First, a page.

7. Posted March 27, 2008 at 10:23 pm | Permalink

    @ Jeffro2pt0:

    When we meet, I’ll have to tell you the real story behind this blog post. 😀

  8. Posted June 29, 2009 at 2:42 am | Permalink

    I have been working as Web content manager for several years and yet I have no idea “horse sex” was America’s most searched article. (Glad I’m not living in the US, hawhaw.)

    I stumbled upon your blog from a mention by Hunter, whose blog on personal development is motivating, instructive and interesting (in other words, full of horse sense). Your blog certainly contains lots of horse sense and lots of hilarious stuff (that’s what makes it so fun reading what Americans wrote).

    Thanks for a great read! BTW, what gift you like from Amazon? I’m about to finalise my June’s book and movie purchases.

    • Posted July 1, 2009 at 6:38 pm | Permalink

      Horse sex is NOT America’s most searched article or keyword search. LOL!

      You do not have to give me anything from my gift list, but what is there are things I’d like. Thank you!

12 Trackbacks/Pingbacks

  1. […] Horse Sex and What is Dictating Your Blog’s Content? […]

  2. […] Still can’t guess? Well, the number one highest traffic, attention-getting article I wrote on this blog was…drum roll please…“Horse Sex and What is Dictating Your Blog’s Content?”. […]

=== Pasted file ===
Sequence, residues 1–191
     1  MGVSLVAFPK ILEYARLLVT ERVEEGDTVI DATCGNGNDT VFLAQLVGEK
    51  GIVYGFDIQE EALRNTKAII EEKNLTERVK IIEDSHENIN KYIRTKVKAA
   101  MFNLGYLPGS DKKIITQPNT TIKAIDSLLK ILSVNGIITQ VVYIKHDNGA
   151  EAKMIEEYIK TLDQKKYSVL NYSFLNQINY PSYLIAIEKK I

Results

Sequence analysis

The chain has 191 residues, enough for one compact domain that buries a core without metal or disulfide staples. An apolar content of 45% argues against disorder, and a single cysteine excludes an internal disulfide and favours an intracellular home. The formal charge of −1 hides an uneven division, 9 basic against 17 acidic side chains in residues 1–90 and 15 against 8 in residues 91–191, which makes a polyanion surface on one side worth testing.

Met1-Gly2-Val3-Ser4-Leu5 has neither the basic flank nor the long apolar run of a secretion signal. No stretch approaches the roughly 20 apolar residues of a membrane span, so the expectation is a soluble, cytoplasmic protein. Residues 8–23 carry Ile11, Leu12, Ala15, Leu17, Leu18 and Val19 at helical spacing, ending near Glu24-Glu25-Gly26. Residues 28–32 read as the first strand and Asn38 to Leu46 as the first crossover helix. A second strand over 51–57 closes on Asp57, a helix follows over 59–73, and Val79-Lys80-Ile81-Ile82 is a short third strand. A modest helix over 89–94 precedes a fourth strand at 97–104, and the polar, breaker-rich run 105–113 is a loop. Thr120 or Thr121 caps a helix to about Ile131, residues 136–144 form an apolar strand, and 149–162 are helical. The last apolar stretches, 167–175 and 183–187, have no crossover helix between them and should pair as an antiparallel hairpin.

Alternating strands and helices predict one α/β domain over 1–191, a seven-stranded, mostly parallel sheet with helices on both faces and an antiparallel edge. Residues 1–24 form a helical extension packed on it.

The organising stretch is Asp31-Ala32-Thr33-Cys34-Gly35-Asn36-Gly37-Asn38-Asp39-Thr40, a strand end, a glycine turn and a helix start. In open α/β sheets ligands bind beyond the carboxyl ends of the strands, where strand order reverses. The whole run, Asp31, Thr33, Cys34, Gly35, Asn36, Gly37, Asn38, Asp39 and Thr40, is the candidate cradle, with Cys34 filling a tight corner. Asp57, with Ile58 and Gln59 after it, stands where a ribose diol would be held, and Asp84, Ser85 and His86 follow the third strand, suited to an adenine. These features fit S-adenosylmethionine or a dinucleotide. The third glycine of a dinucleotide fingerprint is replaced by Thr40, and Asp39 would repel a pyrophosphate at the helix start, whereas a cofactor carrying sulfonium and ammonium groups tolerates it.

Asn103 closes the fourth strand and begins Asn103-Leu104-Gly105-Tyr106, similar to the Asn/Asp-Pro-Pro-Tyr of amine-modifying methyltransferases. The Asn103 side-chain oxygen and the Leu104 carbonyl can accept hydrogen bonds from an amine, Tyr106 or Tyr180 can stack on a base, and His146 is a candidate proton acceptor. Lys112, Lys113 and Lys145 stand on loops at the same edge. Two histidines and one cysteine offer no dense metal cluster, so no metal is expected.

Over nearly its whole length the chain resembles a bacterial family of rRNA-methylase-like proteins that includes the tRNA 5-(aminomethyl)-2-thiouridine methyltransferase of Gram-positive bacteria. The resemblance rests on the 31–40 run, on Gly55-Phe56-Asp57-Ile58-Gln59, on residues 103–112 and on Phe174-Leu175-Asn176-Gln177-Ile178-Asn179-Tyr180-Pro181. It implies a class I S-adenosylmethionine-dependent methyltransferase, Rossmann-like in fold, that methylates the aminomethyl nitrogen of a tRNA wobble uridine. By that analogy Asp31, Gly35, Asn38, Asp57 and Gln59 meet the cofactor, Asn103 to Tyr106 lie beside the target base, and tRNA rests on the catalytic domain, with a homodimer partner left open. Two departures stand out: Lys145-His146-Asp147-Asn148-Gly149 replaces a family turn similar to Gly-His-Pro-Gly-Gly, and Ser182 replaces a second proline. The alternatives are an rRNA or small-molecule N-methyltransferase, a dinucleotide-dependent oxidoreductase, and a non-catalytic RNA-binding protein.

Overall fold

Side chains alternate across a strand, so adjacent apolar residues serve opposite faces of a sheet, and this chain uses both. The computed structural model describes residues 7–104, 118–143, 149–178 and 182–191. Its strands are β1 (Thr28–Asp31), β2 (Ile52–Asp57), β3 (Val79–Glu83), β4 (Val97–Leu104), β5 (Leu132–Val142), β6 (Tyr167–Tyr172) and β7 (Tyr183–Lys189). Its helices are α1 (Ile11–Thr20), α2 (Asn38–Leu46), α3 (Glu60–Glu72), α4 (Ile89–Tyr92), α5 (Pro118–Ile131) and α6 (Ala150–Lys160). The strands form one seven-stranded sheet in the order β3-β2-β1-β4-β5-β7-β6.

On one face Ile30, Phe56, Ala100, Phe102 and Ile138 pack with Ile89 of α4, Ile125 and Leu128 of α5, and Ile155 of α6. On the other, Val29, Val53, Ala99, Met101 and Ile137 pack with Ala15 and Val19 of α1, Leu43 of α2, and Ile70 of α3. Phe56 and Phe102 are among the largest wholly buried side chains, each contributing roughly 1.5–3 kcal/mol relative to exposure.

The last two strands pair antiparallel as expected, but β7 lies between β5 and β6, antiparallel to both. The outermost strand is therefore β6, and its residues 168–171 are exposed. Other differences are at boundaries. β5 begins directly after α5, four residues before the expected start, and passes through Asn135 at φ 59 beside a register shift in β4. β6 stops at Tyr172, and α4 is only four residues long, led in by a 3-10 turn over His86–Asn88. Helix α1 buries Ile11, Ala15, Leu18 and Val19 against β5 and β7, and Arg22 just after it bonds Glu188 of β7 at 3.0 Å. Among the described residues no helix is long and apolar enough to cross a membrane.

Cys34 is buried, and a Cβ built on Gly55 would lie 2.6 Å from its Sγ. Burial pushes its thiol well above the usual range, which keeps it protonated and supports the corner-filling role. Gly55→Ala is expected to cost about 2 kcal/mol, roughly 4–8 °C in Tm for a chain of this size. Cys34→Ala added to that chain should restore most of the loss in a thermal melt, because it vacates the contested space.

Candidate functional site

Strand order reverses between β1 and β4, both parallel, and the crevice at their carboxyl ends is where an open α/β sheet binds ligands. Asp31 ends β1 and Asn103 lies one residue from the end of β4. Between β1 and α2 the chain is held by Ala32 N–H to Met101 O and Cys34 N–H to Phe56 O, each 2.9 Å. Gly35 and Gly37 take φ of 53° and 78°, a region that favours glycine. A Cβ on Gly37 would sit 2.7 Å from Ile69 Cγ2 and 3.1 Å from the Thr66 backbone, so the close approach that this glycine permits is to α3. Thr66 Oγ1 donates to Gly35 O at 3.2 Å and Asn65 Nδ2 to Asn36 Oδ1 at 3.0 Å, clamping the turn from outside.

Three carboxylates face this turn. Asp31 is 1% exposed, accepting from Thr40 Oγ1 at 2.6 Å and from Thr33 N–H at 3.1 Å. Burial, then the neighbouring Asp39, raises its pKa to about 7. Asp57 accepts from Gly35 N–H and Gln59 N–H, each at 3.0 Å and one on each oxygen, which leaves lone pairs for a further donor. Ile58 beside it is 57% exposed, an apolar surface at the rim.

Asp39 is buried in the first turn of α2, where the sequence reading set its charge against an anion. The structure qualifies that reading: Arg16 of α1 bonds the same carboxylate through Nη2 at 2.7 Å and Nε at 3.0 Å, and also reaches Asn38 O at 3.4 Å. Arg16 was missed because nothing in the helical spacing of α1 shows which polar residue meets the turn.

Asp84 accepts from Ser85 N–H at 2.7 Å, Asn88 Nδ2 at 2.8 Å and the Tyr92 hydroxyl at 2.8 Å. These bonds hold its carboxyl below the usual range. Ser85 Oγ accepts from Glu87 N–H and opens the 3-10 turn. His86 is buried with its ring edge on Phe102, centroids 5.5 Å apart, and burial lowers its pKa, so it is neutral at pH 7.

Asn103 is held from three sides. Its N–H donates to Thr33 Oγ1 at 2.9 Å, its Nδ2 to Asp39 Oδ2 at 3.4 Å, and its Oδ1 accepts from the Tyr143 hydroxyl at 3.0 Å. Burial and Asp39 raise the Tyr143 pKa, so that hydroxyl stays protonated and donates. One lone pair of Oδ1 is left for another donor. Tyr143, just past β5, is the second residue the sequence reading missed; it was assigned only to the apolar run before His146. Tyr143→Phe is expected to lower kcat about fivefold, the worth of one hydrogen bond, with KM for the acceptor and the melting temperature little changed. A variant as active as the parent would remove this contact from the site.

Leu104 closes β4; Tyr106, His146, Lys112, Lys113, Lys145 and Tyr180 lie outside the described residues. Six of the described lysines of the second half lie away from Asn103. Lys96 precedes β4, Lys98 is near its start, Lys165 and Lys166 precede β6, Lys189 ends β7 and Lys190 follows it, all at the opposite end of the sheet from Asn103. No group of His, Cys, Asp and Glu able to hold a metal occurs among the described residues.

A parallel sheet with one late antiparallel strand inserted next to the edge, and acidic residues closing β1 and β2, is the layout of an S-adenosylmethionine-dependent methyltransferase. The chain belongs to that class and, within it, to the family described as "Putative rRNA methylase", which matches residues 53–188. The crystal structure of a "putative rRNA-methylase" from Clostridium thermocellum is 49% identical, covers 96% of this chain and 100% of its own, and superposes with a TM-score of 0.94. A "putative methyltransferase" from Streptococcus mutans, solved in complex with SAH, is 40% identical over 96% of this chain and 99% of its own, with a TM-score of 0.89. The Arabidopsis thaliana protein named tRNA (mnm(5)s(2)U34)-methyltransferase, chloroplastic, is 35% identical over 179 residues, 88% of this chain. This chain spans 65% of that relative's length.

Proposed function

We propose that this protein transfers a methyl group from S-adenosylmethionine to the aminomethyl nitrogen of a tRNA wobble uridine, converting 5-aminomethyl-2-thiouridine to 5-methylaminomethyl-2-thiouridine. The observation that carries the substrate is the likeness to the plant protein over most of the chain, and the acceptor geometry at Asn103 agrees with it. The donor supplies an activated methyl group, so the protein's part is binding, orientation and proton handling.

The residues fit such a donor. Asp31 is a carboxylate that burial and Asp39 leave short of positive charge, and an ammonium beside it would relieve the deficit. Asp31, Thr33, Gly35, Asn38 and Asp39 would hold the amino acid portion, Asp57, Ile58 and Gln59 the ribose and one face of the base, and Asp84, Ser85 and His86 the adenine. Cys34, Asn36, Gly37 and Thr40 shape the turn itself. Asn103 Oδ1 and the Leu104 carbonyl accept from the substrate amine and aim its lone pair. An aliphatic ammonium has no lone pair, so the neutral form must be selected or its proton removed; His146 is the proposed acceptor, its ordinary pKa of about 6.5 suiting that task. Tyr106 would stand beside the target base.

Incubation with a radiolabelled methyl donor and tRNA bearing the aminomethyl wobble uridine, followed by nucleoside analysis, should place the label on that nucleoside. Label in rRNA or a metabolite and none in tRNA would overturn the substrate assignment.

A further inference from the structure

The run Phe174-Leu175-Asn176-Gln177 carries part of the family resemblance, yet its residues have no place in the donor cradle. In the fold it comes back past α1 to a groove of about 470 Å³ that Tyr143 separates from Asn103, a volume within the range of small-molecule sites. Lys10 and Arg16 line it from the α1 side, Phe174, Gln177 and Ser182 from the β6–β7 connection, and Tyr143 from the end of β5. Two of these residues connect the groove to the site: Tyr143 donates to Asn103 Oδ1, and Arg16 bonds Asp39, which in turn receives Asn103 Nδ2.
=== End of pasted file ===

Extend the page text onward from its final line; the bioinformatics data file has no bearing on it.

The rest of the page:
3. […] Horse Sex and What is Dictating Your Blog’s Content? […]

  4. […] Horse Sex and What is Dictating Your Blog’s Content? featured an article by Seattle Times’ Danny Westneat called “Horse Sex Story Was Online Hit”, explaining how the newspaper’s annual evaluation of their most popular online stories, the guideposts for writing future news stories, found that an article on a man dying after having sex with a horse (and the follow up articles) was so popular “that the articles on horse sex are the most widely read material this paper has published in its 109-year history.” My essay was on how while such evaluations are indeed helpful to dictate future content, do you really want to build a blog audience of horse sex fans? Is that what your blog is about? […]

  5. […] writing articles about horse sex might be great for your search engine traffic, but honestly, do you really WANT readers like that […]

  6. […] article I wrote, Horse Sex and What is Dictating Your Blog’s Content?, was about how to use your keyword, search terms, and most popular posts to determine which […]

  7. […] huh. And she said she ran a post about it on her blog, and her numbers went up so high it skewed her stats. She said it still spikes now and […]

  8. […] as she introduced us all to the concept of “distracting stats” and the power of horse sex. Frankly, she shook the foundations of my understanding of web analytics … in a good way. The […]

  9. […] Horse Sex and What is Dictating Your Blog’s Content […]

  10. […] Horse Sex and What is Dictating Your Blog’s Content? […]

  11. […] Horse Sex and What is Dictating Your Blog’s Content? […]

  12. […] Horse Sex and What is Dictating Your Blog’s Content? […]